THE DIGITAL GENERATION
It was during the race with Al Gore vs. George Bush that I got involved myself, so I decided to use the tools that I knew best, my computer. I’ll save the details of my own participation for one of the next posts but it was others who had the same idea that pitched in with their keyboards - it wasn’t going to be just about the money for long.
As a matter of classic campaign finance history, the Howard Dean scream marks the end of a new begging in raising campaign funds in the digital age. Howard Dean took my dad and the rest of the world by surprise like a ball right out of left field. The Dot Com Boom had come and gone, but now, still standing in the ruins of Silicon Valley, was the online shopping cart. Major sites like Ebay and Yahoo! effectively brought the shopping cart to the internet in a way that got people in America comfortable with the idea.
Suddenly, people were giving to Howard Dean in record micro-donation numbers. $10 here, $5 there. It was so significant, Dean shot up, out of nowhere, and spent, and got more, and people noticed. From a complete unknown and outsider to cant-deny status it was money, from anyone! The other candidates were still mostly ignoring the web at this time with small amounts of their own spending, just going after the top 1% as usual. It was the new Bored At Work who sat at computers all day with above par salaries while scrutinizing a variety of information online and participating with blogs and forms, that were becoming influential.
However awesome, it was still a pretty small percent compared to the classic, top-dollar machine. Howard Dean eventually lost out in the primaries to John Kerry and his Kerry’s running mate John Edwards. Kerry/Edwards lost to incumbent George Bush Jr. and Dick Cheney. Gives ya shivers to remember all of this doesn’t it? The money is one thing, but finding the right person for the job is an uphill battle.
My dad eventually got the internet and election after election, through Clinton, Gore, John Kerry, John Edwards and Obama, my dad became one of the most important people to have on your team. The same was true for the Democratic primaries and when Hillary Clinton was running for President, she wanted him, and so did many others. It KILLED my dad that he choose between John Edwards and Hillary Clinton when they ran against each other but he knew he would support whoever won in the primaries and raise as much as he could to win the election for the Democratic cause. He would of been excited if Hillary would of won and he would of become Attorney General had Edwards not fucked it up so bad for himself and everyone around him.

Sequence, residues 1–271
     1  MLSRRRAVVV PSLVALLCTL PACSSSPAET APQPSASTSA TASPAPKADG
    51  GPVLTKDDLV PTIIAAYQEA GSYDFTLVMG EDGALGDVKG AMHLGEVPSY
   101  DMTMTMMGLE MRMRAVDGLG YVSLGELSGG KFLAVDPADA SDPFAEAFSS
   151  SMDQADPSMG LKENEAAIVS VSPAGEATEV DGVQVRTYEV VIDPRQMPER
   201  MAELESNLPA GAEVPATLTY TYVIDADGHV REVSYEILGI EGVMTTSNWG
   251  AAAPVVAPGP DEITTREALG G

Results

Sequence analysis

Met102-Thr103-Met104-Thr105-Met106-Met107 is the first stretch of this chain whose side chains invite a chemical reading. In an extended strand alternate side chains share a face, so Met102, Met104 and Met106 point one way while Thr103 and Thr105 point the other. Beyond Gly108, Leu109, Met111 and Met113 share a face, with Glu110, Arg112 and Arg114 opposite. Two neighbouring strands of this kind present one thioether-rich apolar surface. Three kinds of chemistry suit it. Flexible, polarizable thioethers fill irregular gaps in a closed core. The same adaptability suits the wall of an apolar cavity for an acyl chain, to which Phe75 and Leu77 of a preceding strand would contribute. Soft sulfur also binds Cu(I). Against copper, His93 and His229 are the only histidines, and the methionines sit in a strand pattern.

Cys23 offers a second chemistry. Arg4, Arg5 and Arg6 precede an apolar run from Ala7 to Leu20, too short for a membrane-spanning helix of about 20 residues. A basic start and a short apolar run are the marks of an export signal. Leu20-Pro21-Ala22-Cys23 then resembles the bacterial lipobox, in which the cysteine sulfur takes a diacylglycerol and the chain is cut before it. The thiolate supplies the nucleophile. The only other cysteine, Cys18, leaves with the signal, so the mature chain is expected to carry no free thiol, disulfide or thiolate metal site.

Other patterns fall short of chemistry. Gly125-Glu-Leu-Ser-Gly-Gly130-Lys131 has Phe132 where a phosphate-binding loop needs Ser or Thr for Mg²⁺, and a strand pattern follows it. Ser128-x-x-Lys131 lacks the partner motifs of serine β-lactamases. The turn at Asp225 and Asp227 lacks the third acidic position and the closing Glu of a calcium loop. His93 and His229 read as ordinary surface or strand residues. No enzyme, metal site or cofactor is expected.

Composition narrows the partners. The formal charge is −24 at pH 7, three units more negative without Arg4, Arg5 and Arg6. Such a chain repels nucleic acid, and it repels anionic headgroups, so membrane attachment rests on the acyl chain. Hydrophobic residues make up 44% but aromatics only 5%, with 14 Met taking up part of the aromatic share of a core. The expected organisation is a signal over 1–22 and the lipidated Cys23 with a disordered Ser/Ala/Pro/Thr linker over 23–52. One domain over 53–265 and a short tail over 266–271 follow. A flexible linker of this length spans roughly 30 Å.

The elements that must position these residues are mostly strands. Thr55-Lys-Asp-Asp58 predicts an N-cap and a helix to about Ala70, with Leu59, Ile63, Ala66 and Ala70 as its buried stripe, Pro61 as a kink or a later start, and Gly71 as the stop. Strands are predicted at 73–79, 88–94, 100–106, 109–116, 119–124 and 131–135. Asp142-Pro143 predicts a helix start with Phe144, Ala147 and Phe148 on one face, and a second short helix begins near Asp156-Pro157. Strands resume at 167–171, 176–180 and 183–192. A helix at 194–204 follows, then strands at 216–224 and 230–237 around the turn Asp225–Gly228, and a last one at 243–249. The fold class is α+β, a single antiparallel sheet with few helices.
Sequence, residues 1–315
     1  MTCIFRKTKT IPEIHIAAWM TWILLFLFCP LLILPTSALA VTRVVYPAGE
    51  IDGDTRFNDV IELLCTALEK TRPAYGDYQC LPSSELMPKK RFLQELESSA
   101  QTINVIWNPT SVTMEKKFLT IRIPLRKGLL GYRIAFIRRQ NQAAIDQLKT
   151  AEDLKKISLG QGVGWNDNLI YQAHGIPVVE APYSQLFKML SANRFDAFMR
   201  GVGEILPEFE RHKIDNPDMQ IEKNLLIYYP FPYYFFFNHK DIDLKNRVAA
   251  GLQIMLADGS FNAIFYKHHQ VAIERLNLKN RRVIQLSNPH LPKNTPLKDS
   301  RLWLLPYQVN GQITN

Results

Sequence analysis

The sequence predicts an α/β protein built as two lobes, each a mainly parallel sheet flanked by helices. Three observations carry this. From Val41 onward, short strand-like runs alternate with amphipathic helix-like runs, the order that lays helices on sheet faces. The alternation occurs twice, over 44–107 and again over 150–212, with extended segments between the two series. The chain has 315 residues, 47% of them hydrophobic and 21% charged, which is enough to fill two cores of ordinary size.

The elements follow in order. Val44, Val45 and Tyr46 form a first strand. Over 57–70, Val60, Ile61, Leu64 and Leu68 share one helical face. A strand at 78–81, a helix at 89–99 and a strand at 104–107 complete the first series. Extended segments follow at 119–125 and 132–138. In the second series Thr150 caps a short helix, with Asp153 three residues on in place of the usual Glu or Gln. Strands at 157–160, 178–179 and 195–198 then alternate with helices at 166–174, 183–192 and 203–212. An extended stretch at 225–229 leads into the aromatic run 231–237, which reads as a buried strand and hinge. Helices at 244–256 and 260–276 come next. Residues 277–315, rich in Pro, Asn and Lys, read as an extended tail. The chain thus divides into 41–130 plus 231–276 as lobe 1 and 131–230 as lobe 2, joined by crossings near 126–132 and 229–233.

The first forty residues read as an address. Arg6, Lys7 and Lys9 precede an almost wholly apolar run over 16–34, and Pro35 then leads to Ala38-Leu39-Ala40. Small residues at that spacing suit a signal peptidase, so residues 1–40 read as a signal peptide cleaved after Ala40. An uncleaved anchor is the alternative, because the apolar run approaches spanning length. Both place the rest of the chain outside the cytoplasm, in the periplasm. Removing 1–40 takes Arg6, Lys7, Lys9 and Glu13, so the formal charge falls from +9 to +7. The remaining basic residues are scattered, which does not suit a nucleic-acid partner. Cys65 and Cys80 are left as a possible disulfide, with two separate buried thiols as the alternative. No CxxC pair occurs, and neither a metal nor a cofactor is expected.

Just as Obama raised the most funds, and just before he won, my father, Fred Baron, fell weak from cancer and passed away in October, 2008.
HOW WILL SOCIAL MEDIA EFFECT THE RACE?
Already in time for the 2012 Election, the Republicans have raised over $186M but most of that has probably been spent now, fighting against each other. At the top of the heap, Romney has brought in over $30M for himself, twice that of any of his contenders. This suggests he may win the ticket. Obama has not been sitting around waiting for this to play out, though. To date, for his 2012 re-run, Obama has already amassed $100M and doesn’t have to spend any of it to fight other Democrats. Interestingly, Obamas micro-donations account for an estimated 40% of his money so far.
Considering the exponential growth of people with access to online payments, along with the power of the established social media landscape to take control of the message, this election will see many surprises. Don’t you assume Anonymous, Reddit, and #OWS for example might actually be influential?
For some reason I have become especially interested in a couple of topics: 1. The effect of the international online community - If you don’t live in America, what can you do to contribute to effecting it legally, for after all, you may have a strong opinion and might be effected in your own country based on who wins in the US and 2. What about Twitter, Facebook, Foursquare, blogs and YouTube in terms of their contribution to campaign finance? After all, the reason for raising the most money is to spend the most money on press, yet these platforms are becoming the biggest, most influential press there can be, for even people are now themselves the press and as you know, everyone has their opinions. More on these topics soon.